Google recently announced that it would be slowly rolling out an improved Panda algorithm. As Google gets up to speed with its latest updates, so should you with your website.
Here are some things to consider:
One of the big changes Google has implemented with Google Panda 4.0 and 4.1 is its tracking down of poor-quality or “thin” content. If you publish short pieces of content with next to no useful information in them, the chances are that Google will not rank you very highly. So if your website is image-based and doesn’t share much in the way of useful, relevant content, now could be the right time to change that. What used to work for SEO may not work any longer.
Google says that it considers over 200 factors when ranking a website, and one of those that has become more influential recently is website and page loading times. Not only have people lost patience with slow-loading web pages, but they are also less like to convert if they visit a website that takes an age to get where they’re going.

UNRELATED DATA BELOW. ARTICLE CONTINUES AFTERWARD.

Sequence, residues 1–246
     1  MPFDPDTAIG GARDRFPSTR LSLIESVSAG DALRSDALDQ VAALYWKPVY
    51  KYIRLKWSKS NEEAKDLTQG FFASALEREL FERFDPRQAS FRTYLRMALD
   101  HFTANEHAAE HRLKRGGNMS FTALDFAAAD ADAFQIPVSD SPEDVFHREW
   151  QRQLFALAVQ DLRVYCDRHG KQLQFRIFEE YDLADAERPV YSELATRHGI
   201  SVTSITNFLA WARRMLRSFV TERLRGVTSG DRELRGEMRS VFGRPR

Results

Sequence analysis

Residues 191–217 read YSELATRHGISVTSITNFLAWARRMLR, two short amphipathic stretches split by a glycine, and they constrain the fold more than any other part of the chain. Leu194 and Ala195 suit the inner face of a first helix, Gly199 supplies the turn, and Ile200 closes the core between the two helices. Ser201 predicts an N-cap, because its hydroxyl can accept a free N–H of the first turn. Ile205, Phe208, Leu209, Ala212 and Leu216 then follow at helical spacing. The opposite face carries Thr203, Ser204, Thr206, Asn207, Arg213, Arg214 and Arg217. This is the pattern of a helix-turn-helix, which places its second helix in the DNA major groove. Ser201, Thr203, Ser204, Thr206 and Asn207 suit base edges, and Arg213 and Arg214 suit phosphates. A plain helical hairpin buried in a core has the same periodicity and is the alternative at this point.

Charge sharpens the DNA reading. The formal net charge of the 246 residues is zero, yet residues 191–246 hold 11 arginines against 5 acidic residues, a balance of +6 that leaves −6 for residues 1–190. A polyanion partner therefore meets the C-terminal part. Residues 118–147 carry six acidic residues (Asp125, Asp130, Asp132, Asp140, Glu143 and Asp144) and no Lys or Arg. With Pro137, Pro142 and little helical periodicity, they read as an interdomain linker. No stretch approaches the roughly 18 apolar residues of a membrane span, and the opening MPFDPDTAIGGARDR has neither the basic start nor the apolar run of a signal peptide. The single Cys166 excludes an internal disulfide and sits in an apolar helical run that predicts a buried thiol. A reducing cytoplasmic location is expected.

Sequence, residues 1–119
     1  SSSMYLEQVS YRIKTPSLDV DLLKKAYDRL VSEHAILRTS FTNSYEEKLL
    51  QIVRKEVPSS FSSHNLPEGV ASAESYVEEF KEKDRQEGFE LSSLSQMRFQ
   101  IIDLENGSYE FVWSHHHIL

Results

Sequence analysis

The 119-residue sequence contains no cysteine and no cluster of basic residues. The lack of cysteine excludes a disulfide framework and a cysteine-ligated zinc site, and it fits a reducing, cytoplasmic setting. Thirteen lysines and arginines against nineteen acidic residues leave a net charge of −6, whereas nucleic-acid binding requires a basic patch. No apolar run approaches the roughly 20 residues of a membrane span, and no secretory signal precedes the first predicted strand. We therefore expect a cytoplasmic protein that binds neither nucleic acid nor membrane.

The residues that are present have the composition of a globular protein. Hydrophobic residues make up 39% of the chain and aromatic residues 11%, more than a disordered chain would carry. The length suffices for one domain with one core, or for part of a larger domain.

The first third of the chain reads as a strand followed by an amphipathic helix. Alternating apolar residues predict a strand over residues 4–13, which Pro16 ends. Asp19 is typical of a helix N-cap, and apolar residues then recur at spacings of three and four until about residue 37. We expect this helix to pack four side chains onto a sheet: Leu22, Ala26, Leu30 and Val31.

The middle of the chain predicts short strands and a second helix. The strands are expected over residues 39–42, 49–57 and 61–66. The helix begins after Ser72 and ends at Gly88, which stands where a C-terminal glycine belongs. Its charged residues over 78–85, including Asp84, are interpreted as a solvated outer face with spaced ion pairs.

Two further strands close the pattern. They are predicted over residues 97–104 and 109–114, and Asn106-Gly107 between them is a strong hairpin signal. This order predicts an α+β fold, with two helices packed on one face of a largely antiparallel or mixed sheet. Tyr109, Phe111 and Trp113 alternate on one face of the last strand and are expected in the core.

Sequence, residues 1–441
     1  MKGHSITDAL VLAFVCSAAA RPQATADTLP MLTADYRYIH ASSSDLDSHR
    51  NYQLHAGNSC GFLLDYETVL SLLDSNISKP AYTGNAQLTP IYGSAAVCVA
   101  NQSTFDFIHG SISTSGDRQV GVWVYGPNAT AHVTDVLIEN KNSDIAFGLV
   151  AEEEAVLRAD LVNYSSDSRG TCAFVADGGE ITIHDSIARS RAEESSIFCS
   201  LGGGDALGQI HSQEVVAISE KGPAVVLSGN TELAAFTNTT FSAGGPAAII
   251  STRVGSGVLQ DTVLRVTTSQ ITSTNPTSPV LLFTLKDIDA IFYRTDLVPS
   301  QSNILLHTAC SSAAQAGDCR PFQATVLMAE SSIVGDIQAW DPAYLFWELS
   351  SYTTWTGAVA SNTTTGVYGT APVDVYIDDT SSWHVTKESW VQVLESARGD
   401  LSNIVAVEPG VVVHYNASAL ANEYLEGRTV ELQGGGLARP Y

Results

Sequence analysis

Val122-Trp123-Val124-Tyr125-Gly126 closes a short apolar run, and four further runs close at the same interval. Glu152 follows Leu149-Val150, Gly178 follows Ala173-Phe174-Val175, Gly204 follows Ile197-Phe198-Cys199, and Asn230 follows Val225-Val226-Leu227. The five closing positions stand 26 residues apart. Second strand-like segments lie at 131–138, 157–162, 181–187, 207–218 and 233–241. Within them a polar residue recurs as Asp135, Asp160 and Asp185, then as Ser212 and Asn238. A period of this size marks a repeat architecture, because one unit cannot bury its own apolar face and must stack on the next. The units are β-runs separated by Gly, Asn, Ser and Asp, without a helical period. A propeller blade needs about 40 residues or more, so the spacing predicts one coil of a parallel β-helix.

It’s not just people you need to consider; Google’s spiders don’t appreciate the time it takes to crawl your pages. Use one of the many online tests to find out how fast your website pages load.
If your current website is a bit outdated or you’re starting from a blank canvas then it is a good idea to address the design of your site. It should be easy to navigate for both visitors and Google’s spiders. Try to include internal linking to speed up the customer journey and make navigation as clear as possible.
It is also important to test your website on a number of browsers (including Google Chrome, Firefox, Safari and Internet Explorer) to ensure it performs the same on each one. You can do this using BrowserStack.
Another thing Google considers is the amount of time each visitor spends on site, so although aesthetics can play a part in reducing Bounce Rate, the overall design and navigation is important.